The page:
WASHINGTON - Americans are pulling back on their spending, a trend that could slow the economic recovery if it continues.
A sharp drop in retail sales revenue for May shows that shoppers remain cautious, and it could lead economists to curtail their expectations for growth.
Meanwhile, a separate report on consumer confidence shows it has risen in June to the highest level in more than two years.
The Thomson Reuters-University of Michigan preliminary index of consumer sentiment rose to 75.5, highest since January, 2008, from 73.6 in May. It was projected to rise to 74.5, according to the median forecast in a Bloomberg News survey of 65 economists.
Analysts cautioned against overreacting to yesterday's Commerce Department report on retail sales. It could signal a return to modest growth after two unusually strong months fueled by tax refunds, rebates for energy-efficient appliances, and higher gas prices.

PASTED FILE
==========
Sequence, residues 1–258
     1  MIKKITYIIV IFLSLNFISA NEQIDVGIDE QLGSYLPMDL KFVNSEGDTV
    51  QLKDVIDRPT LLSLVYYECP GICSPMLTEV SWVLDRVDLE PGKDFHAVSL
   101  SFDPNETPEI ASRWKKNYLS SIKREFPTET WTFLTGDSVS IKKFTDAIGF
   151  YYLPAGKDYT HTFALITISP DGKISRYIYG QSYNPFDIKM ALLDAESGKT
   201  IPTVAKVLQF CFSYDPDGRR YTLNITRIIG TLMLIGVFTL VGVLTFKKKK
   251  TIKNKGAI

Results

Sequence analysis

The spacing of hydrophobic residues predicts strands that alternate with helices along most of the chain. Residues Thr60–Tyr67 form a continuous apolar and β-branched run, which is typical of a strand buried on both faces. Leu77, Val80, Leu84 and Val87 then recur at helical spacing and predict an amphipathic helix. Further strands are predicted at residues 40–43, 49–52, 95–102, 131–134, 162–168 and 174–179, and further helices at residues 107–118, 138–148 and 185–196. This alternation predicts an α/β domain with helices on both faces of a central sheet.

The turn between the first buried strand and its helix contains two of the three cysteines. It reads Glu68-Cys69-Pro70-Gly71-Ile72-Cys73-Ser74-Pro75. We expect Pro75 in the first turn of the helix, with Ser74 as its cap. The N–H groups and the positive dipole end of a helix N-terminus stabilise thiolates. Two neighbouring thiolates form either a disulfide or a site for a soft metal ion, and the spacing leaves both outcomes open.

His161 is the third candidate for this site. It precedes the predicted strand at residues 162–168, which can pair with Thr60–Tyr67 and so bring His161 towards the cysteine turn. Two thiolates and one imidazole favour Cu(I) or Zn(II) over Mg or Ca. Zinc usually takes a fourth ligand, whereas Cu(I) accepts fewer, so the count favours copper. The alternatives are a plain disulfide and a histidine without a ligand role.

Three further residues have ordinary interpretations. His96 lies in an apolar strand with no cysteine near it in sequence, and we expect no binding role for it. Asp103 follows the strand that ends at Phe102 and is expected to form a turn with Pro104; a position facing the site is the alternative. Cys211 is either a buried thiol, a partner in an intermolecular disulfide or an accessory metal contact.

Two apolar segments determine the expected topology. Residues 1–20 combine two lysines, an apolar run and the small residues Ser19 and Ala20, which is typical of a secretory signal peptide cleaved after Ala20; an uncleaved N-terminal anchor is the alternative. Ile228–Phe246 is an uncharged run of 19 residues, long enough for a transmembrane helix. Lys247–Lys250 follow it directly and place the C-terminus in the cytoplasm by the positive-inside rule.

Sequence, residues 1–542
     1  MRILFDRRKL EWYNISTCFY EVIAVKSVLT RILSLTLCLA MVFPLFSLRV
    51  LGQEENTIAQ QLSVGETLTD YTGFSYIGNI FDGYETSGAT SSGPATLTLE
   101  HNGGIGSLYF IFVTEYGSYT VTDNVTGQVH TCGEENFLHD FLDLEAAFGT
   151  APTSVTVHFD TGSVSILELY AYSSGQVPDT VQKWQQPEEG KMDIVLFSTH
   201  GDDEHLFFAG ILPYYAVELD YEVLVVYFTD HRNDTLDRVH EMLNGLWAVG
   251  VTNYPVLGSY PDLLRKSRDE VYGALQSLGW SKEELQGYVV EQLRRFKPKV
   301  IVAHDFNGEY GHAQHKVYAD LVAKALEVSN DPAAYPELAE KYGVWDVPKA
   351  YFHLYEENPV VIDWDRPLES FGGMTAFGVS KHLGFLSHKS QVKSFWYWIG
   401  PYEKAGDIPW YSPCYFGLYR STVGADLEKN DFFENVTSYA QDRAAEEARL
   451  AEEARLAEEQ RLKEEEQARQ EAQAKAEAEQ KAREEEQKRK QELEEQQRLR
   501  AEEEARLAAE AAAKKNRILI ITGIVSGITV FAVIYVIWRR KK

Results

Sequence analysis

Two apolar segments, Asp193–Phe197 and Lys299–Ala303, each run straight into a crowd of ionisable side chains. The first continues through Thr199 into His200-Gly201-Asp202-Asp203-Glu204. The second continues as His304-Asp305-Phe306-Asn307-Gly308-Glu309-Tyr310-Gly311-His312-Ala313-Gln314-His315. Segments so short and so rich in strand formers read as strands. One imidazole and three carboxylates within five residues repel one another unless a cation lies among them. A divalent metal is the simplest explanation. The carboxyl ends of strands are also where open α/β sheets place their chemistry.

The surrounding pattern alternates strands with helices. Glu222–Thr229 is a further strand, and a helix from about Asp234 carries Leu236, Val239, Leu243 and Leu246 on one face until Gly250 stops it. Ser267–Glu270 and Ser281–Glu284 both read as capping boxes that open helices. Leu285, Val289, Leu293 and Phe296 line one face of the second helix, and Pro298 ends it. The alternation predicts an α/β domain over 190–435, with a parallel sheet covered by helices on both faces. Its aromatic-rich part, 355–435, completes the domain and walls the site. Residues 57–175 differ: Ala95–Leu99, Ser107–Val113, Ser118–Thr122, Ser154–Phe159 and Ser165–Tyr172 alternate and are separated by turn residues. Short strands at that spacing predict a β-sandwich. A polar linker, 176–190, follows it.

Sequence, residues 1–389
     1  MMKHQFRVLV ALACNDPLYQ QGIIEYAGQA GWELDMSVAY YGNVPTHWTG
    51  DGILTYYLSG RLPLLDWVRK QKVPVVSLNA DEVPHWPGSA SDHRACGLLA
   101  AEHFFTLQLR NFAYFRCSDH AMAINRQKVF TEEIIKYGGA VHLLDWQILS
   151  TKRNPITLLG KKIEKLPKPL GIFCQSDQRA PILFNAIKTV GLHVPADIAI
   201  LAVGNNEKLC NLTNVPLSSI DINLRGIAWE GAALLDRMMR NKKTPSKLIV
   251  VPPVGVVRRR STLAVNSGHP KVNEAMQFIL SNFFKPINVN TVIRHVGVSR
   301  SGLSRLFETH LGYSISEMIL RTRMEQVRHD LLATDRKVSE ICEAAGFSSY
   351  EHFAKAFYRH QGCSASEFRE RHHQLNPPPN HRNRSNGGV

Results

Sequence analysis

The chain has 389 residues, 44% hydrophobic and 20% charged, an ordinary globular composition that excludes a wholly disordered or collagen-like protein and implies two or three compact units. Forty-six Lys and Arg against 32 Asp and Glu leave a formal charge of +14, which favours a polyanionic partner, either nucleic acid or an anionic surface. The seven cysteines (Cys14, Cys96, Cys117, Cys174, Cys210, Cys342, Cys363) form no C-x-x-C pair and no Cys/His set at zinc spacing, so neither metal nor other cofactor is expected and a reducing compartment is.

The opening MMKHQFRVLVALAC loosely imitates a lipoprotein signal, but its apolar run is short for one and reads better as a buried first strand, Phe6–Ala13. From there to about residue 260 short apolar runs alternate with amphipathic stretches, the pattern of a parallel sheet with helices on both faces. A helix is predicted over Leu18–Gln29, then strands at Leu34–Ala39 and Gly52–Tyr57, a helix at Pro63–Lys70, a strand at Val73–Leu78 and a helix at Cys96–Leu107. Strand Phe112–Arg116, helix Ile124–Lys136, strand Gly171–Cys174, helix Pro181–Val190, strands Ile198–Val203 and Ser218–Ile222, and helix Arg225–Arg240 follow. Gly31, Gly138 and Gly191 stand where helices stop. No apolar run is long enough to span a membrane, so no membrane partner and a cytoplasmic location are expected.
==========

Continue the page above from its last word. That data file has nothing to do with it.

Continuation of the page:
The 1.2 percent plunge in sales revenue was the largest drop in eight months. But excluding three of the most volatile sectors - autos, building materials, and gasoline-station sales - the figures actually rose one-tenth of a percentage point in May.
And figures for some industries can vary depending on how they are calculated.
For example, Commerce said auto sales fell 1.7 percent in May, but the industry itself has reported gains of 3.7 percent for the same period. They differ because the auto industry measures strictly sales volume of new cars; the government looks at revenue for cars, auto parts, tires, and other products across the industry.
Economists remain concerned that spending won't pick up in months ahead. Households still face near-double-digit unemployment. Private employers are not hiring fast enough to lower that number. Anxiety has gripped the stock market, partly because of the European debt crisis.